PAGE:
A demo reel is your calling card. It not only shows what you can do, but also shows who you are. It displays your personality. It is also your resume and a key component to helping you land that dream job or client.
Every single scene in your demo reel MUST be your very best work. You have one chance to impress and first impressions are everything. Your goal is to capture the viewer’s attention immediately. Keep the reel short. I think that reels over :90 are too long. You don’t have to show every piece of work you have done..just your strongest pieces. As a creative director I receive a lot of reels and I don’t have a lot of down time to spend watching reels, so a short, very strong reel is going to capture my attention.
Don’t ever, ever, ever claim someone else’s work as your own. I have seen this happen too many times and it has happened to me more than once. It’s a punch in the face to see your work on someone else’s reel. If you only worked on a small piece of a scene, don’t act as if you created the majority of the shot. Let it be known what you actually did. I have also worked with teams of animators on projects in the past where it quickly became obvious who lied about the work they had done or were capable of doing.
Don’t use tutorial content to build your reel and don’t repeat work on the same reel. No one wants to see the same piece of work twice. It will make you look less credible. If you don’t have enough content to fill :60 – :90 then create a fictitious client or spec work for an already established brand. The first reel I created 15 years ago was 50% actual work and 50% made up client work. I created logo animations and spec content for clients that I never had intentions of being paid for. The work was good and it got me my first “real” job.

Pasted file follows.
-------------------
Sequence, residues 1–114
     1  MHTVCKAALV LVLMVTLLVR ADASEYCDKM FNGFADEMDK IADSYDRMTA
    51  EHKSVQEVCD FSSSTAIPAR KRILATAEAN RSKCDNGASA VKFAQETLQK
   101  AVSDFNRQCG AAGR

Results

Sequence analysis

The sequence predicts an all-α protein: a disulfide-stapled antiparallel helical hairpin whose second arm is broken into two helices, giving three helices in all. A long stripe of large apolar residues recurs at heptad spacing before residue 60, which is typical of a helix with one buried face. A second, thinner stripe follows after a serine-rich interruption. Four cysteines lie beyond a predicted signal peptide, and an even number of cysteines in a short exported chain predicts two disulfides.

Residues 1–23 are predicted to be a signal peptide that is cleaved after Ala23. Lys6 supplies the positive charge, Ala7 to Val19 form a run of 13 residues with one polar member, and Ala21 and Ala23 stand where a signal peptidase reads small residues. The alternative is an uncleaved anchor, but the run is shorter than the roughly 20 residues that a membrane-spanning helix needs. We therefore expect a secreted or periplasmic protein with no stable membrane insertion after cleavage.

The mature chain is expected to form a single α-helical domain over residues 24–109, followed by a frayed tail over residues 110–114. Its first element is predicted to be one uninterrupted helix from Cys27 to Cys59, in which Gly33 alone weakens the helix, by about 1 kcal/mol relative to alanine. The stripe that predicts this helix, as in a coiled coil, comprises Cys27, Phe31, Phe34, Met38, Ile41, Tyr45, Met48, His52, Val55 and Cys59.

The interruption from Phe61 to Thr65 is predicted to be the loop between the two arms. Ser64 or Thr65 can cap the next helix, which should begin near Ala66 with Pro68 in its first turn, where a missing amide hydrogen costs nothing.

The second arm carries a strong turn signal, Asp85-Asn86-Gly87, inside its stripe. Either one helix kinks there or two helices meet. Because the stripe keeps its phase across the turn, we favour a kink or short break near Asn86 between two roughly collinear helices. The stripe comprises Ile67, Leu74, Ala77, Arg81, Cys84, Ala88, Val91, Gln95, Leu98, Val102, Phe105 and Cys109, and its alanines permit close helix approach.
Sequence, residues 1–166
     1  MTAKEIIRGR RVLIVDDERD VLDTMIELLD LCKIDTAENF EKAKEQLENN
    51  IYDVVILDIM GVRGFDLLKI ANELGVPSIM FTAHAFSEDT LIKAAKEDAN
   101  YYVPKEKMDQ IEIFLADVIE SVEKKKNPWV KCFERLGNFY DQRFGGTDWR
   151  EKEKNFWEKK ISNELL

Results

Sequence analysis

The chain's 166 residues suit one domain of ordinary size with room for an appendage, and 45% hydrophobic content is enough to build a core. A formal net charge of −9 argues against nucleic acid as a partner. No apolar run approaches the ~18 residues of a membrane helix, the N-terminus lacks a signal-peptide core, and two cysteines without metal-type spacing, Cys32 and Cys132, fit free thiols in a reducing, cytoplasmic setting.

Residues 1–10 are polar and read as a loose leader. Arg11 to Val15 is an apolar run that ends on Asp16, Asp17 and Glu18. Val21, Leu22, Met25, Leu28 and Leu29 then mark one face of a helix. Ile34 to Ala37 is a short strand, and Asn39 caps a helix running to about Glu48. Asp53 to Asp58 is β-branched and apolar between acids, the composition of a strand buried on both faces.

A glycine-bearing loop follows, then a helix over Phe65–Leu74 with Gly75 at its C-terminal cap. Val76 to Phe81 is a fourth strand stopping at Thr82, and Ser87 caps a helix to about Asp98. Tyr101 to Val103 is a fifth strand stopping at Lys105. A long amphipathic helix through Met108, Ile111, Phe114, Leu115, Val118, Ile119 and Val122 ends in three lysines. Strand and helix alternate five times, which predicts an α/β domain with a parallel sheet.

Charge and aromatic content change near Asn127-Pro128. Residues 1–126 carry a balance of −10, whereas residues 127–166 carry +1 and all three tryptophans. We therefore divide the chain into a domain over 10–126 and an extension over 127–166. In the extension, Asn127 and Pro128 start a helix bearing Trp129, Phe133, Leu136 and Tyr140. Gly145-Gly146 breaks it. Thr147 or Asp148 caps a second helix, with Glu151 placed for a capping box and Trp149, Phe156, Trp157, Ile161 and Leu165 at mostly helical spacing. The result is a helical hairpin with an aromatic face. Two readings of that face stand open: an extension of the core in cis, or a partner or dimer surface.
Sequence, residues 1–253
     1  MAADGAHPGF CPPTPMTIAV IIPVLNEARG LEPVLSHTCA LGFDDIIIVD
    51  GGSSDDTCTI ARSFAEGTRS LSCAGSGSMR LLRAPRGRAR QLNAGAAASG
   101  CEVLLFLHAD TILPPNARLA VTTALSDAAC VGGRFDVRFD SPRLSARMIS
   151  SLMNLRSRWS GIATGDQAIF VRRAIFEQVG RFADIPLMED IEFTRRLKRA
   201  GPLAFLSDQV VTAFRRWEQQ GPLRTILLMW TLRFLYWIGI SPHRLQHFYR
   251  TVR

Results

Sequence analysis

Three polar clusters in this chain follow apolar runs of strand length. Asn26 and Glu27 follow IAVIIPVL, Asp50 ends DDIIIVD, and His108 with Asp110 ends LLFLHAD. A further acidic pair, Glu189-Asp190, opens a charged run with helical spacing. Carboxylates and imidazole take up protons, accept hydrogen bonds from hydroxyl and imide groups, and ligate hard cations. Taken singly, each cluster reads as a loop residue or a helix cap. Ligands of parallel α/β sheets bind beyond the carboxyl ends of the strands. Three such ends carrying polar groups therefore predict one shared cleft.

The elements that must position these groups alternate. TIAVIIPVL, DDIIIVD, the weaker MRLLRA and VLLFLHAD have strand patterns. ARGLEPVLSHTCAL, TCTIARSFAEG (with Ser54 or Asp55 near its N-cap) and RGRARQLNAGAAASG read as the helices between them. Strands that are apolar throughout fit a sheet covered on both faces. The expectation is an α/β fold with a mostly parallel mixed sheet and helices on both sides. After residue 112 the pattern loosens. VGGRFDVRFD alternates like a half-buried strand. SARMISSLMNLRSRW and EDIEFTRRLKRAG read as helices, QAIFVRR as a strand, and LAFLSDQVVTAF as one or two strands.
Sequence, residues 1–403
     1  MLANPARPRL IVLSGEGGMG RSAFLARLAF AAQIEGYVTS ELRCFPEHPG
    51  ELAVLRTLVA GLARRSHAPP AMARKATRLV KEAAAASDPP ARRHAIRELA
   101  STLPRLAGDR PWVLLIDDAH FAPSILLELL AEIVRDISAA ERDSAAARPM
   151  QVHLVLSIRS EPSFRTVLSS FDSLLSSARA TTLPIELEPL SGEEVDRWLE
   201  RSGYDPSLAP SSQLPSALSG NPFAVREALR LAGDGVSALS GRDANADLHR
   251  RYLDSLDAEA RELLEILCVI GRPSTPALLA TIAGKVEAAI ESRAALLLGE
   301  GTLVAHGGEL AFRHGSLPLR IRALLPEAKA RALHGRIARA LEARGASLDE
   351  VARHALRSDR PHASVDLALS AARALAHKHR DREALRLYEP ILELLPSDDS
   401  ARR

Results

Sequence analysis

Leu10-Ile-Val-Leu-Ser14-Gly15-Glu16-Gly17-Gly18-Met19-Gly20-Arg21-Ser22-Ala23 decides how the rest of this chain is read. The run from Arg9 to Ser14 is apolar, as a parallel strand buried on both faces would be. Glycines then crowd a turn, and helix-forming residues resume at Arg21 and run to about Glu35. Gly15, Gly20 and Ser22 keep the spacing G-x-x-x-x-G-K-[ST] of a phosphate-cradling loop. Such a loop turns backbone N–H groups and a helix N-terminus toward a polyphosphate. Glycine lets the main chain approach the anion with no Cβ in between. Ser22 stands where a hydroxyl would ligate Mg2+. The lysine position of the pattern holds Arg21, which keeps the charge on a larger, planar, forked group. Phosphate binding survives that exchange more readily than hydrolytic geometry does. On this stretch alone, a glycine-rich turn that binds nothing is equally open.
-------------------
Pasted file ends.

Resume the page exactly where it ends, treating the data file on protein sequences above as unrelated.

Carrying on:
For motion graphics work it is best to create a collage-style reel. Show a variety of work, but your reel should be focused on the type of work you would like to get. For example, if your specialty is compositing or effects work, you could show before and after shots to highlight this. In general I will show the most recent work first. If you have more than one reel in cyberspace, chances are that potential clients have seen your past work. You don’t want to bore them immediately with work they have already seen. One suggestion is to start your reel with your name or company name and end with the same including your contact info. If people don’t know who you are and how to contact you then your reel is worthless.
The music should also reflect your personality. When picking out music for your reel, take this opportunity to showcase more of who you are. Pick a song that compliments your style. Most likely, it will need to be cut down to a shorter run time since most songs run in the range of 3+ minutes. I use Logic Pro to do this, but in the past I have used AE or Premiere to cut down tracks. It’s not ideal, but it worked. Express your personality through the cuts and music. Show some emotion. I view the music as just another opportunity to showcase my editing skills. While I prefer to edit in AE, Premiere and Final Cut are great tools for putting together reels. In today’s age, most clients expect you to be more versatile and that include editing skills.
Lastly, make sure you have no errors in your reel. No spelling errors. No glitches, pops, etc. This makes you look unprofessional and if you’re looking to work for a high end client you had better cross your T’s and dot your I’s.
I hope that you find this information useful when building your reel. Use this information as a baseline for your reel, but make your reel unique. Some of the best reels out there are ones that break the rules. I have broken the rules on a number of occasions and it has brought me positive attention.
To your ever-betterment,
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